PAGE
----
The above-mentioned flashback stage is defined by the time segment following the so-called “fire fighting phase” during which the oxygen concentration in the enclosed space must not exceed a specific value, the so-called “flashback prevention threshold”, to avoid reignition of the materials present in the protected area. The flashback prevention threshold is an oxygen concentration that depends on the fire load of the enclosed space and is determined by experimentation. According to industrial safety regulations, the oxygen concentration in the enclosed space, when flooded, must be such that the flashback prevention threshold of for instance 13.8% by volume is not reached within the first 60 seconds after the flooding began. These 60 seconds after the start of the flooding are also known as the “fire fighting phase”.

Nor must the flashback prevention threshold be exceeded within 10 minutes after the end of the fire fighting phase. This is based on the premise that within the fire fighting phase the fire in the protected area is fully extinguished. The time segment (for instance 10 minutes) following the fire fighting phase, intended to make certain that the fire extinguished-during the fire fighting phase will not flare up again, is referred to as the “flashback stage”.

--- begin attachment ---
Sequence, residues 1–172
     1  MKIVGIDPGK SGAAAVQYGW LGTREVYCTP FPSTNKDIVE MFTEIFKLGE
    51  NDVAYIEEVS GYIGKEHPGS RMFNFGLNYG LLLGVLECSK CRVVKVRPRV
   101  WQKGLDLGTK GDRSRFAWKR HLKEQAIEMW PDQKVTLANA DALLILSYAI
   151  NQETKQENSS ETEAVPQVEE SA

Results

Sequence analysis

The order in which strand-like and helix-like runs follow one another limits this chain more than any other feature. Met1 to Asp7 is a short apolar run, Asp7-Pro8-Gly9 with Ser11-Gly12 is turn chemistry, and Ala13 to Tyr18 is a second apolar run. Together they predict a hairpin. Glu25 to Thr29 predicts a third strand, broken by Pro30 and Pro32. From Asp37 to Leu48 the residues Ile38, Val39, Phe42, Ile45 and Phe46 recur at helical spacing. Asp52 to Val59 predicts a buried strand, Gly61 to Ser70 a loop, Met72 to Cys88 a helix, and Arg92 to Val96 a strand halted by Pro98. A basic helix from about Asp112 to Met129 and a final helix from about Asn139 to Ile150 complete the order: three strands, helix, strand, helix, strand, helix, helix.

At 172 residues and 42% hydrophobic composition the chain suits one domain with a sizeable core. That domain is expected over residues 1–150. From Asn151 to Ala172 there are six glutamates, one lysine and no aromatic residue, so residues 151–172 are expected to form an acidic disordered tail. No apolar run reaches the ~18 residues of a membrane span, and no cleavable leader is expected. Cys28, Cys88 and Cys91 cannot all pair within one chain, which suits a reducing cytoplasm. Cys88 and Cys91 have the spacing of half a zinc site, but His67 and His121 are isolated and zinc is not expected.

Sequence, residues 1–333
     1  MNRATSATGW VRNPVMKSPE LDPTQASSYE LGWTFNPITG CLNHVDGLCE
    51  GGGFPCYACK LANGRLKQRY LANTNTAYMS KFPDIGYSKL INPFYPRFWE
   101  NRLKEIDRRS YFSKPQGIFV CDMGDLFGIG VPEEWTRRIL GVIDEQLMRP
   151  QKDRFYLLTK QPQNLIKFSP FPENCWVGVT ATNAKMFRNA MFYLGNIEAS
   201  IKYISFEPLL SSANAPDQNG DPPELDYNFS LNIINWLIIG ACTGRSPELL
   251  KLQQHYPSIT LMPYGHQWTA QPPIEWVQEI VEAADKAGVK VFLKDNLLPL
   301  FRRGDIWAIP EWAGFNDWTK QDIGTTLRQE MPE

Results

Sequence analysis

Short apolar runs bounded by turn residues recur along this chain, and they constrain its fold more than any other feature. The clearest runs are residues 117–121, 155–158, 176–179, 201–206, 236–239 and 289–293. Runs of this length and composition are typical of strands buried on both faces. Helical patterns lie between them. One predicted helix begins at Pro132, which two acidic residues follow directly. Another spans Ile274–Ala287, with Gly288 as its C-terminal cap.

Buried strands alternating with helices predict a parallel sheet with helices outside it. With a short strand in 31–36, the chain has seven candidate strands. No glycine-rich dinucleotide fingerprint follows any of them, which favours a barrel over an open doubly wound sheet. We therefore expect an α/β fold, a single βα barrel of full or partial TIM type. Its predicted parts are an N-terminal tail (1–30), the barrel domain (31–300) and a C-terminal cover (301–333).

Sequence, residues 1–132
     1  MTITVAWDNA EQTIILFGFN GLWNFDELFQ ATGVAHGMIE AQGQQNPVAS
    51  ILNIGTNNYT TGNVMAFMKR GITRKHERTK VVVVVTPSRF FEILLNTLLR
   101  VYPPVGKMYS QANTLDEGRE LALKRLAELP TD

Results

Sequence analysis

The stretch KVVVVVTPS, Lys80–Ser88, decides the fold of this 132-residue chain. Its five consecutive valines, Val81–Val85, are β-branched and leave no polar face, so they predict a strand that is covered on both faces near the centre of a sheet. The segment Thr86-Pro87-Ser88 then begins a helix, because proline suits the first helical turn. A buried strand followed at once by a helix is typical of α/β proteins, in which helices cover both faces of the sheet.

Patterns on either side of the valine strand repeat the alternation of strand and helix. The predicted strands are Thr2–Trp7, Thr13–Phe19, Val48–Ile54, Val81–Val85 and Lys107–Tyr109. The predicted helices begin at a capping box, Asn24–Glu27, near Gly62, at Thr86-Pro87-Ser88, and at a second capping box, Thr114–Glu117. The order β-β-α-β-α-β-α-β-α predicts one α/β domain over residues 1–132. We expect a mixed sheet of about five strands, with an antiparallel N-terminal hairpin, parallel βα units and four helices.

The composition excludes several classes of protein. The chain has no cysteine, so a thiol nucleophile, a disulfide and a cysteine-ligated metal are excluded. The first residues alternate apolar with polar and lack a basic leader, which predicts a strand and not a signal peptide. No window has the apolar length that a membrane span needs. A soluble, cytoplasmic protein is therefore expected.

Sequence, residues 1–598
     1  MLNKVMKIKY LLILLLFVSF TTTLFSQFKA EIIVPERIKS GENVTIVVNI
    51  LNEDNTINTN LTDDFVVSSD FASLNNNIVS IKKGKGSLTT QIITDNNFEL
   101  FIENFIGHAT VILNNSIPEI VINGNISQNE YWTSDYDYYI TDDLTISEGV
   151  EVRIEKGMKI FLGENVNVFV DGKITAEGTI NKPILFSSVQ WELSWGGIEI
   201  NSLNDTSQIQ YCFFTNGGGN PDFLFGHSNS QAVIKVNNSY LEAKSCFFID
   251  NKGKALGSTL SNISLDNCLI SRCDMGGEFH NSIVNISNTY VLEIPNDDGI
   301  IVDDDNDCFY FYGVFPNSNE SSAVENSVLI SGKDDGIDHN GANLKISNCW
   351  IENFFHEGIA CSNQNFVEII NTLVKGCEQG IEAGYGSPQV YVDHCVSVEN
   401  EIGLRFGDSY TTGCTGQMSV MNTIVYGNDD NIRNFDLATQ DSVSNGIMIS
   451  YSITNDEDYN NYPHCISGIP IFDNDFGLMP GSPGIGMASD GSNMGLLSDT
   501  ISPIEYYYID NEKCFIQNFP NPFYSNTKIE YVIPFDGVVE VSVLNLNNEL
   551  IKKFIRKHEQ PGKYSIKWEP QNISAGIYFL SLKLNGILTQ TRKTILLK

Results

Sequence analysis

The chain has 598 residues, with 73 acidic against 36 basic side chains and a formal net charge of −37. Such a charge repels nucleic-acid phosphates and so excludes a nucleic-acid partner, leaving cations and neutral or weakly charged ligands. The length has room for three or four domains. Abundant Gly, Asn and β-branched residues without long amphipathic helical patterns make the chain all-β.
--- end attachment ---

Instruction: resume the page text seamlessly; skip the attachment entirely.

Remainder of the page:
In applying prior-art inertization methods it is customary, immediately upon detection of a fire in the enclosed space, to reduce the oxygen concentration in the atmosphere of the enclosed space as quickly as possible to a so-called “operating concentration”. The inert gas required to that effect is usually supplied by an appropriate inert-gas source that is part of the inert-gas fire extinguishing system. The term “operating concentration” or “operating concentration level” refers to an inert state below a so-called “configurational concentration” for the specific enclosed space concerned.

The “configurational concentration” of the enclosed space concerned is an oxygen concentration in the atmosphere of the enclosed space at which the ignition of any material present in the enclosed space is effectively prevented. In other words, the “configurational concentration level” in the enclosed space concerned represents the inertization level at which the ignition of any materials present in the enclosed space is effectively prevented. When setting the configurational concentration, i.e. the configurational concentration level for an enclosed space, a further safety margin is usually added below the threshold, i.e. deducted from the “concentration threshold value” at which no ignition of any material in the enclosed space can take place.